Rinse one pound of split peas (why do we rinse these? Is it a call back to a darker, less hygenic era?) and place in a soup pot. Add: one diced onion, two peeled, diced carrots, one longish stalk diced celery (leaves add flavor, too) 1 1/2 to 2 quarts water. Bring to a boil and simmer on low. Add water as necessary.
After an hour add a teaspoon dried thyme. Cook until the consistency of your favorite bowl of split pea soup. Add pepper to taste, and 1 tsp to 1 tbls salt. You can throw a smoked ham hock in, if you like, or dice up some ham and add right before serving. My personal favorite: a dollop of sour cream on top.

And what of George and Martha? After Martha offered him an 11th serving of the soup, he finally came clean. Martha promised to whip up a batch of chocolate chip cookies. Hmm, that suggests a future post.

PS: Inspired by AH, here's a link to Flanders and Swann, and their take on hippopotami...

Friday, January 22, 2010

Slow Food

Anyone who follows my current addictions on the right has probably noticed "slow scrambled eggs." I wanted to post it just before the weekend, when I hope things slow down a bit for you, so you too can discover their marvelousness. Hmm. Lusciousness? I think they are amazing.

Have three eggs at room temperature. (I've tried making this with fewer eggs: disaster). Beat them with implement of choice. Add a pinch of salt. I also like to add chives and tarragon. Over your pilot light or very low heat melt one tablespoon butter in a nonstick skillet. Pour your eggs in, and with the heat on low, continuously stir the eggs, scraping the bottom of the pan. (I like to use a silicon spatula). Slowly, slowly they will turn from liquid to a light custardy texture. And then they're ready to serve.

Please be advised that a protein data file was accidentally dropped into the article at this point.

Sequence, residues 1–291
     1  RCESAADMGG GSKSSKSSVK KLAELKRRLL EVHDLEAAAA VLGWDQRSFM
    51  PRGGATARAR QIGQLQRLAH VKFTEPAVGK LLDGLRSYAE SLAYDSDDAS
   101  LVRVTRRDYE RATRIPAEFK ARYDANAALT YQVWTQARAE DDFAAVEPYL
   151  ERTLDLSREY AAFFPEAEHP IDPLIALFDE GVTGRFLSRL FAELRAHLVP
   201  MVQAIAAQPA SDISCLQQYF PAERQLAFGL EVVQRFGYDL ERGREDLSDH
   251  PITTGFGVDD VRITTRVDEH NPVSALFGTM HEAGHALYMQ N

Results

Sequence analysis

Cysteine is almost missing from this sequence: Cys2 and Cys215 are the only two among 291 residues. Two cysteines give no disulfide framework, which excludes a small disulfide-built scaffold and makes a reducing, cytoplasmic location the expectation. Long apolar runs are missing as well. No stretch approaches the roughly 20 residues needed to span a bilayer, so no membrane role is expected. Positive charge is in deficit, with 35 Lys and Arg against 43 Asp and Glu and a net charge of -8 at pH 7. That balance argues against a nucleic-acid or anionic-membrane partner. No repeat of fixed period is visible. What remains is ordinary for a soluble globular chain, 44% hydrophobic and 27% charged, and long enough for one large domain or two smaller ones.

For the original recipe by Frances Lam, click here.

CO, this photo's for you.
AH, ask and you shall be answered...

Friday, January 15, 2010

It's back--

Dine LA! Once again, check out three courses at the swank or trendy, lunch from $16, dinner tops out at $44. The week runs Jan 24th to Jan 29th, and Jan 31 to Feb 5th. Maybe this time I can swing lunch at Angeli Cafe. I haven't been there in at least a decade.

Wednesday, January 13, 2010

Fast food

Although, some times it's hard finding the right proprotions.

Monday, January 11, 2010

Cultural Confusion

The moment he wants to kiss a woman, he wants to kill her. She watches and aids her husband kill the dirty old man who had taken advantage of her as a teenager. When the two start canoodling, murder and sex commingle and steam up the pages...

A Dexter episode? Nope. Try Emile Zola's La Bete Humaine, The Human Beast. I turned off Dexter (for good, this time, I think) and picked up this novel to edify myself, or prop up my self-image, and was shocked by its lurid bits. Wow. How tame and provincial the English writers were in comparison.